Over the past few years, we have seen record numbers of RFEs issued in response to H1B visas. This year, we will likely see a record few because USCIS issued a memorandum giving adjudicators the authority and initiative to reject petitions outright without first issuing an RFE.
This does not change our overall approval strategy when it comes to H1B visas, which is to get it right the first time. Anticipate any issues your case may run into during processing and keep an eye on USCIS approval trends. It is important to for all members of the H1B team to understand where issues are likely to arise, and where they need to pay extra attention to make sure they don’t drop the ball, especially this coming April when there may be no second chances. That’s why it is essential to look back on this past year and find out who caused that RFE.
Sometimes it’s no one’s fault, and sometimes it’s fault of USCIS.
When working with any bureaucratic process, there is the possibility of error. When working with USCIS, there is the understanding that processing errors occur, and that their approval trends are volatile and can be unpredictable. It can be difficult to anticipate which parts of the law they will interpret which way from year to year. If approval issues arise due to bureaucratic or human error, there will likely be a way to address it. A Denial is not the end of the road, it is just harder to overturn than an RFE. If it is no one’s fault, or if USCIS pulls a fast one on us again, we can find a way to work around it.
Sometimes the lawyer caused the RFE.
Occasionally, an immigration attorney will file the wrong document, or file the petition wrong. While this is rare, it can cost an outright approval. To prevent this, legal assistants are encouraged to check in with TheDegreePeople.com to make sure that they have all of the necessary immigration forms, labor forms, and documentation necessary to file everything on time, in the right order, and filled out appropriately.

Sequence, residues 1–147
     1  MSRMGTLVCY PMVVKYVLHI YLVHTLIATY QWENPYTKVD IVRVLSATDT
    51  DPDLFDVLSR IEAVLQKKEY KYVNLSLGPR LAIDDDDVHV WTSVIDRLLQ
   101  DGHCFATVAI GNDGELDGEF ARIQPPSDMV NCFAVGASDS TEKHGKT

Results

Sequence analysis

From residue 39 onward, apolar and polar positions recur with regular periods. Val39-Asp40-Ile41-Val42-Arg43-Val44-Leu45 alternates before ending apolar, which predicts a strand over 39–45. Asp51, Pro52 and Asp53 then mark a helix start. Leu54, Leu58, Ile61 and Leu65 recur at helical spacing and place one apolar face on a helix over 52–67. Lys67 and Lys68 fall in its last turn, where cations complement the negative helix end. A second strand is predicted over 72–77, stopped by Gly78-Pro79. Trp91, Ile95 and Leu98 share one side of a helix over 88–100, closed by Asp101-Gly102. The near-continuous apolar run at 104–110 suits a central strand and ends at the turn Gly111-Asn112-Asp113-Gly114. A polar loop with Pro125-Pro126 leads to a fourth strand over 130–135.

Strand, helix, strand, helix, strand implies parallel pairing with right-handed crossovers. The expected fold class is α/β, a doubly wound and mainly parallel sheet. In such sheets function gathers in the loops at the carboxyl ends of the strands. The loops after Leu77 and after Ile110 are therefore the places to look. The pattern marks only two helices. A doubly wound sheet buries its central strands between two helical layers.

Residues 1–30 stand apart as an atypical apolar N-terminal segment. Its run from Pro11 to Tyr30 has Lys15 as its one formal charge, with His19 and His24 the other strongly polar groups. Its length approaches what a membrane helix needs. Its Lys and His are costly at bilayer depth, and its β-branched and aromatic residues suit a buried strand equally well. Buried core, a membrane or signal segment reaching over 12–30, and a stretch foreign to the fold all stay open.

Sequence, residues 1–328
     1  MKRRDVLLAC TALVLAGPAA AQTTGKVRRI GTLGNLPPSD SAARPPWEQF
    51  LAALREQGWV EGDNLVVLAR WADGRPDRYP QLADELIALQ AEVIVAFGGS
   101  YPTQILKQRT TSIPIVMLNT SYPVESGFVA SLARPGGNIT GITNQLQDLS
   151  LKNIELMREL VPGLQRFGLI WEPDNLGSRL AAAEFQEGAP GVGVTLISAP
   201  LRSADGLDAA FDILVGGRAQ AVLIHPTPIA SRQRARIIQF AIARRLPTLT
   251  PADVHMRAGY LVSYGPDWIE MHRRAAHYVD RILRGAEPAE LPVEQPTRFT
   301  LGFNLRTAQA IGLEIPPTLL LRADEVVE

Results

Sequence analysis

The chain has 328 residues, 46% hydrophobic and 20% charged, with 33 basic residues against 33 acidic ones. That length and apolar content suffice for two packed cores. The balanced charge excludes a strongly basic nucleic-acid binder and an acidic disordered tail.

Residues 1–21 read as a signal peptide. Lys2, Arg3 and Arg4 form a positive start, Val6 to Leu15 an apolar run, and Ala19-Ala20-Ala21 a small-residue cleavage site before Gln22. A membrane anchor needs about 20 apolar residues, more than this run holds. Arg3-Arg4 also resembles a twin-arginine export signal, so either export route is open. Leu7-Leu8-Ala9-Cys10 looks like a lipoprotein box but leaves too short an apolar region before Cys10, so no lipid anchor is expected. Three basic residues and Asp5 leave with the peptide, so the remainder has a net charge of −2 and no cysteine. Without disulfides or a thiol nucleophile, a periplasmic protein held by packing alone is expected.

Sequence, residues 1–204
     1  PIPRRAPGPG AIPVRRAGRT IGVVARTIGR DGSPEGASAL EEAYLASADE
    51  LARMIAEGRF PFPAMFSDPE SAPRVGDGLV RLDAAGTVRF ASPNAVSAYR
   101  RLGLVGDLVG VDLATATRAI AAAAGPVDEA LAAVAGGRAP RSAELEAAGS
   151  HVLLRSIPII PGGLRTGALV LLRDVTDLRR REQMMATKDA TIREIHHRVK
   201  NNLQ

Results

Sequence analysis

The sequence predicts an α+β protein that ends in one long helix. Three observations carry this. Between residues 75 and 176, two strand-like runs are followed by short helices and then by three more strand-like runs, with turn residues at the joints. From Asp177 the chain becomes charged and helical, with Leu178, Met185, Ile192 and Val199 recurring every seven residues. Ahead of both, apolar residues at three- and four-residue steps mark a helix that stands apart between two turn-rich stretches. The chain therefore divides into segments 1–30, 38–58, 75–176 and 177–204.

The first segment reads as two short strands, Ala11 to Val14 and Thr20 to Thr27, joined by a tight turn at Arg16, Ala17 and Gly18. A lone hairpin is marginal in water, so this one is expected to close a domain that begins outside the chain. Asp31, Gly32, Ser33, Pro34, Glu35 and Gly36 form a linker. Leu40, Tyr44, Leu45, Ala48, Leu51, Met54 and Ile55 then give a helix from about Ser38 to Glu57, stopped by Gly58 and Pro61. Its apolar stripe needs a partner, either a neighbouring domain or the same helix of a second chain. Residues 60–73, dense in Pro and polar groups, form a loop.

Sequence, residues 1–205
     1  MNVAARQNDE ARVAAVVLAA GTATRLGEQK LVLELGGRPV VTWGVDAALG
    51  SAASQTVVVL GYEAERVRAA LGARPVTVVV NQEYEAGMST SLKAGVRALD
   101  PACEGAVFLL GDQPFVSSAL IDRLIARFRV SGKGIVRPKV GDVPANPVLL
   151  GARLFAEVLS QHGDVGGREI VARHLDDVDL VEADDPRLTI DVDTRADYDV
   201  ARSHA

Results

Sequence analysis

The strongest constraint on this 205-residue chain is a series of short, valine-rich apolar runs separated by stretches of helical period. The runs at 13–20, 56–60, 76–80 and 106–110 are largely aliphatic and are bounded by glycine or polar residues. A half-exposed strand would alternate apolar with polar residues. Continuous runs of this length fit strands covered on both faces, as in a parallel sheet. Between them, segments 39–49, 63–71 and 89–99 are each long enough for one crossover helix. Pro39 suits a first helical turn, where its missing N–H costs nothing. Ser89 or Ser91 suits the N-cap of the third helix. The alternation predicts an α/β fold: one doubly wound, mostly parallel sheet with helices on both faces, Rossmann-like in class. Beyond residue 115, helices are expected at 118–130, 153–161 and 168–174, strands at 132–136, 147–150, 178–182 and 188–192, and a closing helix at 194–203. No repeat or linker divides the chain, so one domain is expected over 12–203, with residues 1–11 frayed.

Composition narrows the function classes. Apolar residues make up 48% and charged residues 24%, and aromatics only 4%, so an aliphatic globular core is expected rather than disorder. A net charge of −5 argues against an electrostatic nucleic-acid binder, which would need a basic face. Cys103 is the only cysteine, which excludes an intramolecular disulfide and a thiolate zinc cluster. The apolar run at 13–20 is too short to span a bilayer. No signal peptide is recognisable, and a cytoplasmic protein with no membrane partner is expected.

Sometimes the beneficiary caused the RFE.
It is not uncommon for a beneficiary to misunderstand the US academic equivalency of their education. Sometimes a bachelor’s degree in one country is not a bachelor’s degree in the United States because even though the words translate the educational value does not. Some certifications and professional licenses in some countries are the equivalent of a US bachelor’s degree in that field, while the US license or certification is not. Sometimes a beneficiary will have a degree from an unaccredited academic institution, or even from a degree mill. It is important for beneficiaries to understand their education, and what it means in terms of US value, and to make sure that their school is accredited. If the beneficiary does not have the necessary education, it is their responsibility to make sure they have enough education and work experience to make up the equivalency.
Sometimes it’s the employer or the job that caused the RFE.
If the Labor Condition Application (LCA) is filled out incorrectly or misfiled, if there are discrepancies between the job description and the entry on the LCA, if USCIS feels that the wage level was set incorrectly or that the job does not meet specialty occupation requirements, issues will likely arise in the approval process. It is recommended that all petitions now include an expert opinion letter clarifying that the job meets H1B specialty occupation requirements and explaining why the wage level is set as it is to meet H1B requirements.
Before you file, let us review your case to make sure all your bases are covered. It is more important this year than ever before to get it right the first time, because you may not get a second chance. For a free review of your case visit ccifree.com/. We will get back to you in 48 hours or less.
This article was written by Rebecca Little